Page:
Open-to-buy is a purchasing budget created by a retail store during a certain time period for future orders. Direct-to-consumer brands can also use an OTB plan to determine how much inventory to manufacture during a specific timeframe. Creating an OTB budget will help you decide how much inventory you can buy or manufacture without hurting your cash flow.
OTB is also the process of planning product sales, purchases, and inventory turns. You don't have to set the turns at the same level for every product or category in your store. Some products sell slower and some sell faster. With an open-to-buy system in place, you can manage your product categories and classifications and plan turns for each.
Here is the OTB formula:
Planned Sales + Planned Markdowns + Planned End of Month Inventory - Planned Beginning of Month Inventory = Open-to-Buy
Look at this formula for one month — Sept. 1st - Sept. 30th:
$15,000 (planned sales)
+ $250 (planned markdowns)
+ $17,000 (planned end of month inventory — Sept. 30th)
- $25,000 (planned beginning of month inventory — Sept. 1st)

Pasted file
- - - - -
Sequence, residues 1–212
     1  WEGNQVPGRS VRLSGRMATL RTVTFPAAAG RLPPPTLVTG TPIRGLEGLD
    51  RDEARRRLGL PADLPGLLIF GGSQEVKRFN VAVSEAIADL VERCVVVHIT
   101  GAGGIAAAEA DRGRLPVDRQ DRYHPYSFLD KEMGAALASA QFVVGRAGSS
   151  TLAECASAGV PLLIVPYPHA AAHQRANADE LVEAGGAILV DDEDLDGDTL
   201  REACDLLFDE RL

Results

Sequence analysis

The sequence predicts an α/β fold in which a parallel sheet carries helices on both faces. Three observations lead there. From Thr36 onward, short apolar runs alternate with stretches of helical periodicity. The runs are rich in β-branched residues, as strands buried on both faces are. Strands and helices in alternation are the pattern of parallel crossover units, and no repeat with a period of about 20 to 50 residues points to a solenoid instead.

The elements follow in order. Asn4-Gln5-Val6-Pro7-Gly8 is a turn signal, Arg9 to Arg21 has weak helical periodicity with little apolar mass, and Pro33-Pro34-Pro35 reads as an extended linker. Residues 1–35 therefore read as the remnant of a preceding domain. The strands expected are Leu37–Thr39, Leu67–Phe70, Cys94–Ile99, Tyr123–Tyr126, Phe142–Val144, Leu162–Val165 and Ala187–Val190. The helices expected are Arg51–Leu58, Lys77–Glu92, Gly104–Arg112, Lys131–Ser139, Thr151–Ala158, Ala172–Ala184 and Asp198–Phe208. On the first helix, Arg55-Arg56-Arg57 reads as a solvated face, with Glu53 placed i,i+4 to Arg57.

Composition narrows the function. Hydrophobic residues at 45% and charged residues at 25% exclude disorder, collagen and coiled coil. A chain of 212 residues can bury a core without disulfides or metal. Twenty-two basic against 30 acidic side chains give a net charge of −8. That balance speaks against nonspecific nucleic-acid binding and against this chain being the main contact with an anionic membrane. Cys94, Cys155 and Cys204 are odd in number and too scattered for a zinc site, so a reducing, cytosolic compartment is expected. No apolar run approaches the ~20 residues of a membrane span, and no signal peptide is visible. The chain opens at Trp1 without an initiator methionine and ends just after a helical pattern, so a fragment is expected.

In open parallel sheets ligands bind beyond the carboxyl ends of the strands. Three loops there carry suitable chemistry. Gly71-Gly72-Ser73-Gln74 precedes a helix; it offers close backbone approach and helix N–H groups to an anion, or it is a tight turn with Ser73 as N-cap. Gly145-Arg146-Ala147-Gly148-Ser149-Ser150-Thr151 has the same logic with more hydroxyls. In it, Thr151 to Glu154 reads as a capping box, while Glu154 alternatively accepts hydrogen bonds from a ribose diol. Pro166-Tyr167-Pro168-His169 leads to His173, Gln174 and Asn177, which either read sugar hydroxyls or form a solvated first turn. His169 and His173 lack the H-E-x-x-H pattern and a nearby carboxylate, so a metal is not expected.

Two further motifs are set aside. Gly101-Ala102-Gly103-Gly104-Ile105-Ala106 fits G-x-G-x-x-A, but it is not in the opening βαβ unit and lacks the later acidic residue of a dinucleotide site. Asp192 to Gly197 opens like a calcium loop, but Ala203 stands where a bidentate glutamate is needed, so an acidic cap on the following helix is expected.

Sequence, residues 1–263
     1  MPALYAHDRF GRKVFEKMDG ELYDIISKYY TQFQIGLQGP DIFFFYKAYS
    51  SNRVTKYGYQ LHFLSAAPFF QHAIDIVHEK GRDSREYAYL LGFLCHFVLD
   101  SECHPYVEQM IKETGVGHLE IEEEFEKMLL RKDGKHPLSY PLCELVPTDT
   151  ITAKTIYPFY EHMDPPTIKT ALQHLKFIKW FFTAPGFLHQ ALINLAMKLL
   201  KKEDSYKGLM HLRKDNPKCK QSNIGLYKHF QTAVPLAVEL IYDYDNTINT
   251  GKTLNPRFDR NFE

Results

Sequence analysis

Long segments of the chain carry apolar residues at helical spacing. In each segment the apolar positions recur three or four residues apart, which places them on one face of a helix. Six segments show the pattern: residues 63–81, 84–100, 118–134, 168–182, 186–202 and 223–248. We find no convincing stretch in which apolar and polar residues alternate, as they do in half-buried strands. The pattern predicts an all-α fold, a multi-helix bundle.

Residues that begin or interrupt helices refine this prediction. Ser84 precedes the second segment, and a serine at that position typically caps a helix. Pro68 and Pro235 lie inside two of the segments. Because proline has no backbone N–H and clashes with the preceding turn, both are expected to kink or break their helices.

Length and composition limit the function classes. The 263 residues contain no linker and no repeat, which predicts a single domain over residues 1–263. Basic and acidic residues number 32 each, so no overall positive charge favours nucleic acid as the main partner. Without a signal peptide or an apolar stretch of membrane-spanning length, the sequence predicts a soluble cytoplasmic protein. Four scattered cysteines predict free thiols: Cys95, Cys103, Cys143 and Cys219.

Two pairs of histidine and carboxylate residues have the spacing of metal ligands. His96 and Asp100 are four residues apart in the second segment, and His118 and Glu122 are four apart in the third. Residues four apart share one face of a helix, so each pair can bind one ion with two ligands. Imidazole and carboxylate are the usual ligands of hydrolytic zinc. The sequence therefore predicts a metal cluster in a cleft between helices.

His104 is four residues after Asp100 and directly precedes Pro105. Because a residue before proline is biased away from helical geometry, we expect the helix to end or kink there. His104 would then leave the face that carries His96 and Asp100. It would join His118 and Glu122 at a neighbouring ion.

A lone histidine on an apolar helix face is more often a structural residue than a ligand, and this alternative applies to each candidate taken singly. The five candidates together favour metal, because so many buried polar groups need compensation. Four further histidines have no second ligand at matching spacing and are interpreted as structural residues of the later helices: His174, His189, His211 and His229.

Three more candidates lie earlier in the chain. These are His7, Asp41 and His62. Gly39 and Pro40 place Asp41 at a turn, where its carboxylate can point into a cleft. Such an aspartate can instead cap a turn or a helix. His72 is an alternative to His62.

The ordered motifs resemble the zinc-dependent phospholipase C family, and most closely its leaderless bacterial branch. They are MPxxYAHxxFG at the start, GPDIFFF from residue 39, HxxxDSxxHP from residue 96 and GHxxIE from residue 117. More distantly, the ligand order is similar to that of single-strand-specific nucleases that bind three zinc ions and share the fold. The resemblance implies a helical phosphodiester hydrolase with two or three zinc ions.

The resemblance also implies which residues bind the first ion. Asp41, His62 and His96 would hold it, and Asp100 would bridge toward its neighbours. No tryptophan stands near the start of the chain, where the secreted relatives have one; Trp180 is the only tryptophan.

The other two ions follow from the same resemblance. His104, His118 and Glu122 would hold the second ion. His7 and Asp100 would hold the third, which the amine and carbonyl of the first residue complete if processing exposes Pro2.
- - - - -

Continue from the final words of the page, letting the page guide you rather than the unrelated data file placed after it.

= $7,250 (Open-to-Buy)
This article has a sample six-month OTB plan that can help you manage your inventory plan.
Please note: These values are placeholders to show calculations. They’re not necessarily representative of plans that you should aim for.
4. Cycle Counts
The most controllable expense in retail is inventory. Poor management of your inventory can result in false metrics and can cause inventory shrinkage.
Inventory shrinkage refers to the amount of inventory lost in the course of doing business. There are many ways to "lose" inventory, including:
- Receiving errors
- Entering the wrong SKU in the POS
- Improper handling of a refund or exchange
Avoiding shrinkage is an important component of running a retail business.